That kind of control — over other strong men, over huddles, over winning, over entire swaying stadiums and their surrounding cities — is just about impossible to let go … as is the attendant attention, ego, importance, popularity, fun and life. Running backs retire early sometimes because of the beatings, but quarterbacks never do. Joe Namath finished wearing a Rams helmet, Joe Montana ended with the Chiefs at 38, and Dan Marino got pushed out after losing, 62-7 — and now Favre wanders the earth so lost and searching that he’s about to put on the uniform of his greatest enemy. Kings don’t quit kingdoms voluntarily.

But there’s no preparing you for the silence that comes after all you’ve heard is cheering. A quarterback will never feel more alive anywhere than he does at the conquering center of everything in sports. His is by consensus the most difficult job in athletics, and it requires an obsessive-compulsive attention to detail.

The most diligent and consumed become Peyton Manning and Tom Brady; the talented and lazy become Ryan Leaf. Sometimes they sculpt their singular and all-consuming skill to the detriment of the balance needed for the rest of life’s tacklers. Bills? Errands? Adulthood? Those things get handed off sometimes because, whether it is the offensive line or family and friends huddled around their income source, the quarterback must always be protected or everyone loses.

On and off the field

Kosar was one of the smart ones. He graduated from the University of Miami in 2½ years. He was smart enough to go a record 308 pass attempts without an interception. Smart enough to help build several businesses after football, with a 6 percent interest in a customer-service outsourcing company that sold for more than $500 million. Smart enough to have a wing of the business school at the University of Miami named after him. But now that the maids and wife are gone, you know how he feels walking into a grocery store by himself for the first time?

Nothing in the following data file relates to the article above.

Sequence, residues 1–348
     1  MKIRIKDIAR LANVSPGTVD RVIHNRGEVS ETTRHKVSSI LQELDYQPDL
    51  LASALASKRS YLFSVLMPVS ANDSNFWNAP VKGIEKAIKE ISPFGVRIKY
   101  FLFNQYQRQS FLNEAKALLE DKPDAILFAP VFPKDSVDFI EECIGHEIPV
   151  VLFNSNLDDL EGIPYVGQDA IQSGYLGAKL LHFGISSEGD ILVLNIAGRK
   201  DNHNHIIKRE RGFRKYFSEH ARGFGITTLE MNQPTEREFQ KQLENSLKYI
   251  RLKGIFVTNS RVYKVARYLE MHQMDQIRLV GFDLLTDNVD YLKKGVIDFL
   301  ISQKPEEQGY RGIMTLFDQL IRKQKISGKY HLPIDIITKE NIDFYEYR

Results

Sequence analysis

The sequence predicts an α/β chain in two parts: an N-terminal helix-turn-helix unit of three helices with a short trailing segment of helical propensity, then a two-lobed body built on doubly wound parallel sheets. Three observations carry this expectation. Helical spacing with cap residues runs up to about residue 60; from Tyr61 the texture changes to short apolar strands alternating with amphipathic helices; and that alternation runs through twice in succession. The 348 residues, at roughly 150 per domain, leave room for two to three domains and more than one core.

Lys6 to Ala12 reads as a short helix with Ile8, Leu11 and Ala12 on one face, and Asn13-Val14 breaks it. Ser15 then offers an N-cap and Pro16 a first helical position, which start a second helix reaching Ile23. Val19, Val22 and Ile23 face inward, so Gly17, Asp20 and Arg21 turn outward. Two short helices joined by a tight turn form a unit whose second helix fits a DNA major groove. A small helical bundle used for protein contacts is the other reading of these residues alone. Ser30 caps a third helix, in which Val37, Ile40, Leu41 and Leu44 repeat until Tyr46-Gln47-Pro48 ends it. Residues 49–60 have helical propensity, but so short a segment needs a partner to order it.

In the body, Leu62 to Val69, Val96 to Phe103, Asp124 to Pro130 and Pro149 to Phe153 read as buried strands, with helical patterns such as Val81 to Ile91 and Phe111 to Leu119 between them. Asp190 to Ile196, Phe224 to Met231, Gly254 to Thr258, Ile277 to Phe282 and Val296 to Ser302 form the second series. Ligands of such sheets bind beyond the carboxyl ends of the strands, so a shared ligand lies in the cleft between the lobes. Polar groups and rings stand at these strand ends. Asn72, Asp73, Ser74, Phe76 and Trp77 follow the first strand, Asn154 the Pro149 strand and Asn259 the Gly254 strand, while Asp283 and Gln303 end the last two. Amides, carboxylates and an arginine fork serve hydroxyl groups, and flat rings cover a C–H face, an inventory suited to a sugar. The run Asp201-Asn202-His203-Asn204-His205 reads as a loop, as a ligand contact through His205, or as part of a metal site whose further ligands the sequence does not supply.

“Overwhelmed,” he says.

He is like an embryo in the real world. The huddle gave him strength and purpose and enough fame and money that he never had to do much of anything for himself. Never had to grow, really, as anything but a quarterback. He says his kids (ages 17, 16, 12 and 9) grew up in a world where “their idea of work was telling the maid to clean their room.” And even the live-in maids had assistants. So now they’re all trying to figure it out together, four kids led by a 45-year-old one.

Do you know how to wash clothes, Bernie?
“No,” he says.
Iron a shirt?
“No,” he says.
Start the dishwasher?
“No,” he says.

He just learned the other day, after much trying and failing, how to make his own coffee. This is a man who owned his own jet and helped found companies, plural. But when his new girlfriend came over recently and found him trying to cook with his daughters, she couldn’t believe what was on the kitchen island to cut the French bread. A saw.

“I was 25 and everyone was telling me that I was the smartest; now I’m 45 and realize I’m an idiot,” he says. “I’m 45 and immature. I don’t like being 45.”

He still finds himself doodling plays on napkins in the kitchen. Running companies doesn’t feel as rewarding as working with a high school or college tight end on routes. The only post-quarterback jobs that have given him any sort of joy are the ones near football: broadcasting Cleveland Browns games; running a company that created football Web sites and magazines; buying an Arena Football League team.

But it isn’t the same. Not nearly. As he tries to reorganize his life in a dark period that leaves his mind racing and sleepless, the people he quotes aren’t philosophers and poets. They are coaches.

Like when he was at the University of Miami, for example. He was the weakest kid on the team. He was mortified when his statuesque competition, Vinny Testaverde, walked onto campus and bench-pressed 325 pounds a bunch of times. Kosar got 185 up just once, with arms shaking. So he went to coach Howard Schnellenberger and, sweating and trying not to tremble, told him he was going to transfer.

Now he quotes the old pipe-smoking coach and applies those lessons from nearly three decades ago to today: “Son, I’m not going to lie. It doesn’t look good for you. But wherever you go in life, there’s competition. The guys who run home to mommy tend to be quitters their whole life.”

Kosar won. Won huge. Won the job and the national championship in a flabbergasting upset of Nebraska to begin Miami’s unprecedented football run through the next two decades.

That seems like so long ago. As creditors close in and his divorce has gotten messy in public, Kosar has had some suicidal thoughts, but he says, “I couldn’t quit on my kids. I’m not a quitter. I’m not going to quit on them or me. I got here with hard work. I’ll get out of this with hard work. No wallowing. No ‘woe is me.’ I’m great at making money. And, as we’ve found out, I’m great at spending it. What I’m not great at is managing it.”

The pangs of loss

It is hard to believe he filed a bankruptcy petition in June, but a bad economy, bad advice, a bad divorce and a bad habit of not being able to say “no” have ravaged him. He says financial advisers he loved and trusted mismanaged his funds, doing things like losing $15 million in one quick burst. There’s a $4.2 million judgment against him from one bank. A failed real-estate project in Tampa involving multi-family properties. A steakhouse collapsing with a lawsuit. Tax trouble.